Sadly, Becker’s radical views do not appear to be inconsistent with the Board’s prevailing philosophy. Indeed, Chairman Liebman has written:
[A]n exclusive orientation toward an individual-rights regime could have troubling political and social consequences. Workers may view the employment relationship in purely individual terms and may fail to grasp common economic interests and the potential of collective action at work, as well as in the public sphere.
Attack on Domestic Competition
The NLRB’s charges against Boeing lack legal merit and would prevent domestic competition from right-to-work states. South Carolina Attorney General Alan Wilson says that the complaint is “without legal and factual foundation.” According to Senator Jim DeMint (R–SC), the NLRB is “really trying to bully and intimidate—not just Boeing—they are attacking every right-to-work state.”
Businesses prefer to operate in states with better business climates, and the NLRA allows states to compete for new investment by implementing labor laws that allow workers not to join unions. This reality may direct investment toward right-to-work states and away from heavily unionized states—a development that unions want to prevent from happening.
Consider the U.S. auto industry. Between 1973 and 2006 (before the recent recession), its employment grew modestly. At the same time, its unionization rate fell from 71 percent to 26 percent. This decrease in unionization was the result of “foreign” brands building new plants in Tennessee, Alabama, and South Carolina. These brands created cars that consumers wanted and jobs for thousands of workers—and out-competed unionized Detroit. As a result, auto-manufacturing jobs grew in the South and fell in the Midwest. Unions want to outlaw such domestic competition.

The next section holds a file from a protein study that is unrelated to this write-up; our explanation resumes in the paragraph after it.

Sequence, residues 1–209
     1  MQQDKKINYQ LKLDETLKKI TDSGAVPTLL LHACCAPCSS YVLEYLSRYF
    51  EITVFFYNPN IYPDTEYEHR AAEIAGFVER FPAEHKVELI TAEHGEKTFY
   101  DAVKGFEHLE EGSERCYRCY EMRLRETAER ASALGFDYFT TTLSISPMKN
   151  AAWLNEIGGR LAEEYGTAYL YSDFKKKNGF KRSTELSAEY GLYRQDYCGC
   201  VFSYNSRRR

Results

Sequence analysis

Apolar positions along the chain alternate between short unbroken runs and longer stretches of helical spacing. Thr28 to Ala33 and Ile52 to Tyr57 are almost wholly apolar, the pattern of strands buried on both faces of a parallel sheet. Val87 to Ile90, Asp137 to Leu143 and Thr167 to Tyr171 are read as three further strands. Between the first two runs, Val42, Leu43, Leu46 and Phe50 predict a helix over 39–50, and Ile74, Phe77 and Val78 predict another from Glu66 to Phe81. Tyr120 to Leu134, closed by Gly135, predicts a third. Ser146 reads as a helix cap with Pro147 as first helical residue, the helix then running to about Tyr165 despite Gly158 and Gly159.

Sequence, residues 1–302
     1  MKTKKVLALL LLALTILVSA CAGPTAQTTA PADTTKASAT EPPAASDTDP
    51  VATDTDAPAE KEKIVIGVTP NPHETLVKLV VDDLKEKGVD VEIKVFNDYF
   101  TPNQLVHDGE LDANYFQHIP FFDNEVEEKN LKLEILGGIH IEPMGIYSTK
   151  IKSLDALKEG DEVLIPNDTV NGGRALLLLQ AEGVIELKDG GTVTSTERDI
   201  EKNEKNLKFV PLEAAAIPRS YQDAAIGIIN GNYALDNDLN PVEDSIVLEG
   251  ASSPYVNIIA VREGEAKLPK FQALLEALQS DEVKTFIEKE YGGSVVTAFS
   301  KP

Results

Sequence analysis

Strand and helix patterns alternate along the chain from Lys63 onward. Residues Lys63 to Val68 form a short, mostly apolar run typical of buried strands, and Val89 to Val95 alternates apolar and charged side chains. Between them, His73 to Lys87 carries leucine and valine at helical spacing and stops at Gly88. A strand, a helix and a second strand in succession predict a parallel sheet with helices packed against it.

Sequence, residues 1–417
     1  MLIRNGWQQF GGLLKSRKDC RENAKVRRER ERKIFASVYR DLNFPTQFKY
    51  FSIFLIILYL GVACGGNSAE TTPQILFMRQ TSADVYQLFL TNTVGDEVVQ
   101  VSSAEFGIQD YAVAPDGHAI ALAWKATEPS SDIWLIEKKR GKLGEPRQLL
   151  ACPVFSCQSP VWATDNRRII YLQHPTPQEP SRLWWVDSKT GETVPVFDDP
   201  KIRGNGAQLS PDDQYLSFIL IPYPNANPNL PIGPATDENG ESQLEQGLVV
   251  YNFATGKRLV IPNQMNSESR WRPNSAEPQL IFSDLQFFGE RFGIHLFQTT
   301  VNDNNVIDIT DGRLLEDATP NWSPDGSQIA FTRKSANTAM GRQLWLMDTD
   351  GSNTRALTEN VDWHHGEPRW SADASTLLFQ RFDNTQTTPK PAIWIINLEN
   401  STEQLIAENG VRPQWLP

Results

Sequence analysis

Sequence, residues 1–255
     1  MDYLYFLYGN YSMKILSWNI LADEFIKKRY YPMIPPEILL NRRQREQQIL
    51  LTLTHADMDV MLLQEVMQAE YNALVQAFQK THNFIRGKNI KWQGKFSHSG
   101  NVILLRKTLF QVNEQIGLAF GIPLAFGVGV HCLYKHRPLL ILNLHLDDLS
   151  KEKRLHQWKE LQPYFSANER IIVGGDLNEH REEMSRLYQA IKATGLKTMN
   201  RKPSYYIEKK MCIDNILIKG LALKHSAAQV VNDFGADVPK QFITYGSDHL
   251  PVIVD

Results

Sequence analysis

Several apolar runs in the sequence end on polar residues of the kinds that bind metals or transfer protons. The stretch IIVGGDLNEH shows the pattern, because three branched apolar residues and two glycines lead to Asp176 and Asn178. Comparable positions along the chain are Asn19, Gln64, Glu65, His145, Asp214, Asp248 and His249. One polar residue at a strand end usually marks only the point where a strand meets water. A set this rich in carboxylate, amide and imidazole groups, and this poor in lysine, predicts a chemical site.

If the NLRB and activist courts uphold the NLRB Acting General Counsel’s complaint, they will damage the U.S. economy. Forcing companies to either expand their unionized operations or not expand at all will reduce investment and job creation in the United States.
Unions essentially “tax” investments that corporations make, redistributing part of the return from these investments to their members. This process makes new investment less worthwhile. As a result, unionized firms invest less in physical capital and in research and development than non-union firms do. One study found that unions directly reduce capital investment by 13 percent and reduce R&D activity by 15 percent to 20 percent. Other studies find larger effects, such as the fact that newly unionized plants reduce capital investment by 30 percent—the same effect as a 33 percentage point increase in the corporate tax rate.
Forcing companies to invest only in unionized operations will reduce the total amount these companies decide to invest. Restricting competition restricts growth. The NLRB proposes to do this at a time when the U.S. economy remains sluggish and business investment remains weak. Private nonresidential fixed investment growth fell from an 8.6 percent rate in the last quarter of 2010 to just a 2.8 percent rate in the first quarter of 2011.
Because they invest less, unionized companies often become less competitive. As a result, these companies create fewer jobs. Research shows that unionized firms shed jobs more frequently and expand less frequently than non-union firms do.